A Break to Remember: Alternative Service Experience Goes to the Elephant Sanctuary

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Alternative Service Experience at the Elephant Sanctuary
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Sophomore literature major Sarah Chao has always had a soft spot in her heart for elephants. "I've loved elephants since I was young, and how big they were, and how majestic," Chao said. "I've been to a circus once in my life, and it never settled with me, bringing animals in and making them do tricks for our entertainment. So, I wanted to make a difference, I wanted to change that."

Chao got her chance during the 2017 fall break at UNC Asheville when she went on the Alternative Service Experience trip to The Elephant Sanctuary in Tennessee, which provides care to elephants formerly held in zoos or circuses. It was actually Chao's second year spending her fall break helping at the sanctuary; this time, she returned as a student leader.

"I did not want to be a leader at first, because I thought I was too young to be one," Chao admitted. "But my peer mentor last year encouraged me to do it, she was like 'I see leadership in you from last year.' I turned out to love it because I love planning and organizing things."

Part of that planning and organizing included finding inexpensive housing and maintaining a food budget in line with the trip's philosophy of service.

"For ASE trips, we participate in experiential education, learn to act selflessly and live alternatively. That means we attempt to keep a small carbon footprint, as well as live on the poverty line. We get the chance to experience living and eating minimally," Chao explained. "Peer leaders try to find free or inexpensive housing, and work on a food budget that provides approximately $1 for breakfast, $2 for lunch, $3 for dinner. In addition, our goal for each participant is to be vegetarian on this trip!"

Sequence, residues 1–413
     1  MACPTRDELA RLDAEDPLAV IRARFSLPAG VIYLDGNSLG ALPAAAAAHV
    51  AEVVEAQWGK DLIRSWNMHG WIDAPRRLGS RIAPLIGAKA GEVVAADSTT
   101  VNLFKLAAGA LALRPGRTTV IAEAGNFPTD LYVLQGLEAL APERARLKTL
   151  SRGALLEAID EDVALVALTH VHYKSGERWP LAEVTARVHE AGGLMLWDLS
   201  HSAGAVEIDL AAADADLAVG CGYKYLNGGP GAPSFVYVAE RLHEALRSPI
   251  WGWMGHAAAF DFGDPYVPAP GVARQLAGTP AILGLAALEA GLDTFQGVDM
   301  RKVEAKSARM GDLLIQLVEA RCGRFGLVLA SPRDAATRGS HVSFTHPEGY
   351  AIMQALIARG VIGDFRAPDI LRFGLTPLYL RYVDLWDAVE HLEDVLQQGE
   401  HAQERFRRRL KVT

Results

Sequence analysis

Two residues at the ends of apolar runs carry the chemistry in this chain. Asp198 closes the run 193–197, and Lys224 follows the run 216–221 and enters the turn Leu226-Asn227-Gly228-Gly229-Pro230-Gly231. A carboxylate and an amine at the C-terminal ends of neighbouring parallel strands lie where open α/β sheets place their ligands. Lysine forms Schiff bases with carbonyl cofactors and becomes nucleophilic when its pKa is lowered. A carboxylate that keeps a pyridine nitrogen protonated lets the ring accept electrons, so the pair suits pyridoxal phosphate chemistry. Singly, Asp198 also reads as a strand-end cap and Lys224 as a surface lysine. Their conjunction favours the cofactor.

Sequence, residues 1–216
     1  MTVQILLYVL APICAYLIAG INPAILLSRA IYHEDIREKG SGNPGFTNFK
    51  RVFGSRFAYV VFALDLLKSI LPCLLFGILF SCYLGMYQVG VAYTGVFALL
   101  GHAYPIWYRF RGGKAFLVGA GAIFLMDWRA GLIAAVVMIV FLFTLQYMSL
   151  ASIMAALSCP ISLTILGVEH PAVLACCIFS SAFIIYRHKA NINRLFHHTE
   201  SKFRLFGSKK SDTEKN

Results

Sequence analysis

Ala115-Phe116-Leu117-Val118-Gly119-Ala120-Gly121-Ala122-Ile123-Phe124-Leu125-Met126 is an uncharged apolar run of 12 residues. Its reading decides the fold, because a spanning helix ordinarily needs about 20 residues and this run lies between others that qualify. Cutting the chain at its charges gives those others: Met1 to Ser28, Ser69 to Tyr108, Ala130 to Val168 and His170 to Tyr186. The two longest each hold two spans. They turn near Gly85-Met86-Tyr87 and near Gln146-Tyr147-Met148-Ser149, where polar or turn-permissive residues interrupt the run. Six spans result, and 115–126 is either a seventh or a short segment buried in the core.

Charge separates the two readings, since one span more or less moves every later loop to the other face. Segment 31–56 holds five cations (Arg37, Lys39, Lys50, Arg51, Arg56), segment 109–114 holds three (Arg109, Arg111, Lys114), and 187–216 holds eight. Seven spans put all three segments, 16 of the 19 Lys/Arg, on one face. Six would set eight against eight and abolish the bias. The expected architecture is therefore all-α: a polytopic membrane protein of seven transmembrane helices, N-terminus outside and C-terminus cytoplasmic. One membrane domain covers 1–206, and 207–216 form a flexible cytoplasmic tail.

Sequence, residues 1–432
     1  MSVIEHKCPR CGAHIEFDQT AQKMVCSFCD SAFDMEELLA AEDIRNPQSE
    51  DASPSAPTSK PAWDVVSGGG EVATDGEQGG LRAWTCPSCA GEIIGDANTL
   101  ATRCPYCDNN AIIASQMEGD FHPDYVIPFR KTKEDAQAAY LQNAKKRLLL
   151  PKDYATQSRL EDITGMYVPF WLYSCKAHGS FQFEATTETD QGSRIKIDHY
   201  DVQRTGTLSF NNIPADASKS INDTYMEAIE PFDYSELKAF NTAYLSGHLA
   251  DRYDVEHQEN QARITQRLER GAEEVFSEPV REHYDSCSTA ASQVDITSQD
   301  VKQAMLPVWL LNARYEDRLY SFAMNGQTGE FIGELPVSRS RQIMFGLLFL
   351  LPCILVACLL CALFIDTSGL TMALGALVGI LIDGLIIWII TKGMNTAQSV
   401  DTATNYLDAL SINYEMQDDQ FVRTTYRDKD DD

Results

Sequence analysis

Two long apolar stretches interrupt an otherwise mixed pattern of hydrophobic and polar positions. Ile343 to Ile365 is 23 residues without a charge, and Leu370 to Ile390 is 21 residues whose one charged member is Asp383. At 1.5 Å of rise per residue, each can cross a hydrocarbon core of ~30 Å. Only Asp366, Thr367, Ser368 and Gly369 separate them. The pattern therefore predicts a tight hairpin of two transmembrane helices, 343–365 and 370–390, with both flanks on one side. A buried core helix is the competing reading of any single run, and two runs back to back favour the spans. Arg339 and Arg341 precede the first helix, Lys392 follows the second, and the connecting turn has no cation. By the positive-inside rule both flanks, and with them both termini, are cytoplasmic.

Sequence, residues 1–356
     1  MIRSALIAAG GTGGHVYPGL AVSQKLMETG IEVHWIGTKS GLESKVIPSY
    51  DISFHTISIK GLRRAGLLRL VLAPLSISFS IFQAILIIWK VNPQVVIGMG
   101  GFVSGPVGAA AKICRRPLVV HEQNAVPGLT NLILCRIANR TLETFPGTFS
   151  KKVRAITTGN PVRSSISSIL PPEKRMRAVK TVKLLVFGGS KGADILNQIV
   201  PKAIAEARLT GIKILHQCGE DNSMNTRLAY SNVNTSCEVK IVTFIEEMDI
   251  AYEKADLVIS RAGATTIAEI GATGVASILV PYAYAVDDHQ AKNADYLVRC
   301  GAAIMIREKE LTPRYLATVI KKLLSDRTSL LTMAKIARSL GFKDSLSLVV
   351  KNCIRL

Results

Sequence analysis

Even with the small amount of money allotted for food, Chao said the group succeeded in staying on budget.

Chao and the student volunteers from UNC Asheville helped with a variety of tasks around the Elephant Sanctuary, from clearing fence lines to cleaning office space.

"We also made enrichment treats for the elephants," Chao said. "We got these old car tires, we cut down some bamboo trees, trimmed the leaves, cut some of the actual bamboo off and stuck them in the tires, and then put the leaves all around. So, it's like a little game for the elephants to try and poke around, eat the leaves, get all the bamboo and stuff."

Chao said the work was fun, but challenging and at times physically demanding.

"You have to be in that mindset, of this is not about you, this is about the service you're doing, and how you're helping the elephants, helping the sanctuary, helping the people who work at the sanctuary," she said. In the end, seeing the progress they'd made felt very satisfying, Chao said.

"It made me happy, and I feel really fulfilled," Chao said. "Like I'm doing something productive."

For information about the 2018 Alternative Spring Break, including trips based around civil rights in Tennessee and Alabama, hunger and homelessness in Washington D.C., and leadership at Disney, visit highsmithunion.unca.edu/alternative-spring-break.